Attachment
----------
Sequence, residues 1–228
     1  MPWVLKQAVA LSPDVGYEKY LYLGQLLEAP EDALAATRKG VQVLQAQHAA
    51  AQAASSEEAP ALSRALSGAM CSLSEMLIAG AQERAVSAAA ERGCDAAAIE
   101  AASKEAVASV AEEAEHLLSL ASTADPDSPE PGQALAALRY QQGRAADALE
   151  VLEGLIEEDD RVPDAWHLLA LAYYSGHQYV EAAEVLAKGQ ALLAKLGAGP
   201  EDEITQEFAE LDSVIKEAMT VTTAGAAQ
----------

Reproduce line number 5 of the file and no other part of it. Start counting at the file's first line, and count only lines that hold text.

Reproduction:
   151  VLEGLIEEDD RVPDAWHLLA LAYYSGHQYV EAAEVLAKGQ ALLAKLGAGP